We have exciting news to share: the Smithsonian Libraries has launched new subject guides to support general research in the natural and physical sciences. These web guides include Natural History, Vertebrate Zoology, Entomology, Paleontology, Invertebrate Zoology, Geosciences, and even a bonus guide outlining maps resources Maps. We also have updated our guides for the National Zoo, Tropical Research, the Chesapeake Bay, Botany & Horticulture and Anthropology. In each of these guides you will find carefully-selected resources for each subject from the Smithsonian Institution and from other authoritative sources from across the web. The content in the new subject guides was chosen to support research for middle and high school students and teachers, as well as for those who have a general interest in the topic. You can find more specific research resources may be available through OneSearch on our Research Tools website. The guides include links to subject databases, image collections, interactive websites, experts, and more. For example, the new Geosciences includes links to the Global Volcanism and Antarctic Meteorite more »
The Smithsonian Libraries Digital Library contains over 10,000 digitized books, journals and manuscripts from the Libraries’ physical collections. From those, about 15,000 individual images are available in the Image Gallery, where they are assigned relevant keywords and collections for easier browsing and searching. The Image Gallery is a great resource for researchers and teachers, but recently it has found a new audience – the product designers of Physician Endorsed. Physician Endorsed, a more »
Elizabeth Broman and Julia Blakely co-authored this post The plot of the recent film, “Paddington 2,” revolves around a one-of-a-kind pop-up book. In a wonderful scene, the good-souled, marmalade-loving bear is transported after opening the covers to movable parts within, unfurling into a dream of London (link here). Paddington declares it is the perfect gift (“like she were finally here”) for his adored Aunt Lucy in “Darkest Peru.” The volume is for more »
School is back in session. Summer vacations are over. However, if you lived in 1892 and had the means to afford it, your vacation might have just started. And it might have lasted 72 days!
“The African Art Library has been collecting African cartoons, comic books and graphic novels for more than a decade,” says Janet Stanley, librarian at the Warren M. Robbins Library at the National Museum of African Art. “Being illustrative works by African artists, as well as harbingers of popular culture, these comics & graphics books are very much part of the visual culture of Africa. We are working to build this collection.” The more »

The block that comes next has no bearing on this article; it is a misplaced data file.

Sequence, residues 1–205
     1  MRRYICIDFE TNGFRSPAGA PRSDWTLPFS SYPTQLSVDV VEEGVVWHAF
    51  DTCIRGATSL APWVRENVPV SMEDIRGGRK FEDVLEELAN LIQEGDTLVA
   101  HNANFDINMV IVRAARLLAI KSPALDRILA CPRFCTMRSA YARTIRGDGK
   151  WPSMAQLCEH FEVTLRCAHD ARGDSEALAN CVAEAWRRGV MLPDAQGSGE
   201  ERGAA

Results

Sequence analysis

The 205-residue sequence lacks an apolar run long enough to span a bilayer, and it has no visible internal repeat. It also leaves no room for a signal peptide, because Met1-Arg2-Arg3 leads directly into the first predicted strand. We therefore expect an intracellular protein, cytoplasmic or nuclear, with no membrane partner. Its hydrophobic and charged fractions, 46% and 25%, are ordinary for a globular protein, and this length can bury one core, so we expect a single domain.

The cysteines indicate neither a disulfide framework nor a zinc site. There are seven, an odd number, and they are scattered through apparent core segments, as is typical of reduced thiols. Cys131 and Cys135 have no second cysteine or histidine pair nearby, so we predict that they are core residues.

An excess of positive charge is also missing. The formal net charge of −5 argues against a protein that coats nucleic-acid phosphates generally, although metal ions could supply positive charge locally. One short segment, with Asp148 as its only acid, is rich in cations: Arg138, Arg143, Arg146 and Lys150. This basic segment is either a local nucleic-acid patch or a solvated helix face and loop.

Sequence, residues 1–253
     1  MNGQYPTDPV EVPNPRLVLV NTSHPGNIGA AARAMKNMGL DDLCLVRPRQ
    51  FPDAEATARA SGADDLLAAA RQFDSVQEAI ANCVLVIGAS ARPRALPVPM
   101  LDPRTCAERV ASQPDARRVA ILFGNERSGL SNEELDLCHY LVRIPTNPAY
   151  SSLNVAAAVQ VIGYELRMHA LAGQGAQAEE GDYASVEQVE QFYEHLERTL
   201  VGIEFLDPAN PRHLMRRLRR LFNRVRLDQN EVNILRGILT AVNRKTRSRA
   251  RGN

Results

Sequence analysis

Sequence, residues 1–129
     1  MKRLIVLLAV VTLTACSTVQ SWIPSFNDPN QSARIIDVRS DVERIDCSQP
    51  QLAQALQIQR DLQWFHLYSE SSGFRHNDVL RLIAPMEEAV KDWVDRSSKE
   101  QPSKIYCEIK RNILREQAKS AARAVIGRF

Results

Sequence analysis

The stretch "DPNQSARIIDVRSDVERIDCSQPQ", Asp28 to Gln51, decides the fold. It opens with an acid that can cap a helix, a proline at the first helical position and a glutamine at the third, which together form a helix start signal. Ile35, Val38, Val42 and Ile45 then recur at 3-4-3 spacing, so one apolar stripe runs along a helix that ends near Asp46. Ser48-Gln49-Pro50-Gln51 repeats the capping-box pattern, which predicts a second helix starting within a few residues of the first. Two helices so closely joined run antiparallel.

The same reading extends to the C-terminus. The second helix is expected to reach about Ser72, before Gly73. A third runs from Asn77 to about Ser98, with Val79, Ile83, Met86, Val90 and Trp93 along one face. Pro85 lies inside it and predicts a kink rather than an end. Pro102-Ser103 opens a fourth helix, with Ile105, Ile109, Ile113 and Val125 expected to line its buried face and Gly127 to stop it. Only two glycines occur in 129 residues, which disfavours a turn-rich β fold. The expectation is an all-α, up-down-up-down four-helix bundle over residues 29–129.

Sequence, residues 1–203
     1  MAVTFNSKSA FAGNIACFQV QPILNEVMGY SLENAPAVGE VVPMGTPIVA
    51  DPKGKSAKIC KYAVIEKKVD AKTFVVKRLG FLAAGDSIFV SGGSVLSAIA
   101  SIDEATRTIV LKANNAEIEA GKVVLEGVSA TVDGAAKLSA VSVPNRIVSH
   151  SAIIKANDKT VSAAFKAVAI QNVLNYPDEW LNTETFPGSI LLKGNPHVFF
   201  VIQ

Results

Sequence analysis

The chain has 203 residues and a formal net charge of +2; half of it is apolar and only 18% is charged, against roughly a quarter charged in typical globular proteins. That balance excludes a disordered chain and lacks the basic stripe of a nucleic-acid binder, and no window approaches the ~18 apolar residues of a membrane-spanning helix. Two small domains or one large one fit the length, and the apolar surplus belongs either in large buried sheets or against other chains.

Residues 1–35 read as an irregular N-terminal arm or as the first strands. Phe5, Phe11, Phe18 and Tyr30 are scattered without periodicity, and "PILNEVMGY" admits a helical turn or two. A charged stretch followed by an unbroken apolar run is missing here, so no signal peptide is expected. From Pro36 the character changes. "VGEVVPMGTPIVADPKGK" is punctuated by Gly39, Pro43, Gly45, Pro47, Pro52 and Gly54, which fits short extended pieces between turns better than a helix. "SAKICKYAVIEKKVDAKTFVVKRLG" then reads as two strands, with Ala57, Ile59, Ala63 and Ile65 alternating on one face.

This post was written by Olivia Robertson, summer intern at the Smithsonian Libraries Research Annex and student at Goucher College. As an intern at the Smithsonian Libraries Research Annex (SLRA), I worked creating gift-in-hand records for a collection of books donated by the Culinary Historians of Washington D.C. (CHoW). Making a gift-in-hand record is the first step in cataloging an item. This happens just after a library receives the item, while the more »
The Cooper Hewitt, Smithsonian Design Library owns over 4,000 photographs by American photographer and journalist Thérèse Bonney, (1894-1978), who documented life in Paris from 1925-35. In 1929, she and her sister Louise created A Shopping Guide to Paris, for the “350,000 Americans who visit Paris every year.” The foreword says, “dozens of books have been written telling you what to see, but we are writing about where to buy, … buying is as important as sightseeing in this enchanting city.” An American woman shopping for Paris fashions might have felt overwhelmed by the many small boutiques and fashion houses. Thérèse and Louise Bonney outlined in great detail the procedure and etiquette of visiting couturiers and buying dresses and coats, as well as the separate boutiques for hats, gloves, leather goods, and other accessories. These tips made shopping less intimidating and reassured the American traveler that they could be as knowledgeable, sophisticated and as chic as the French woman. Advice on who the top name fashion houses were, the chapters devoted more »
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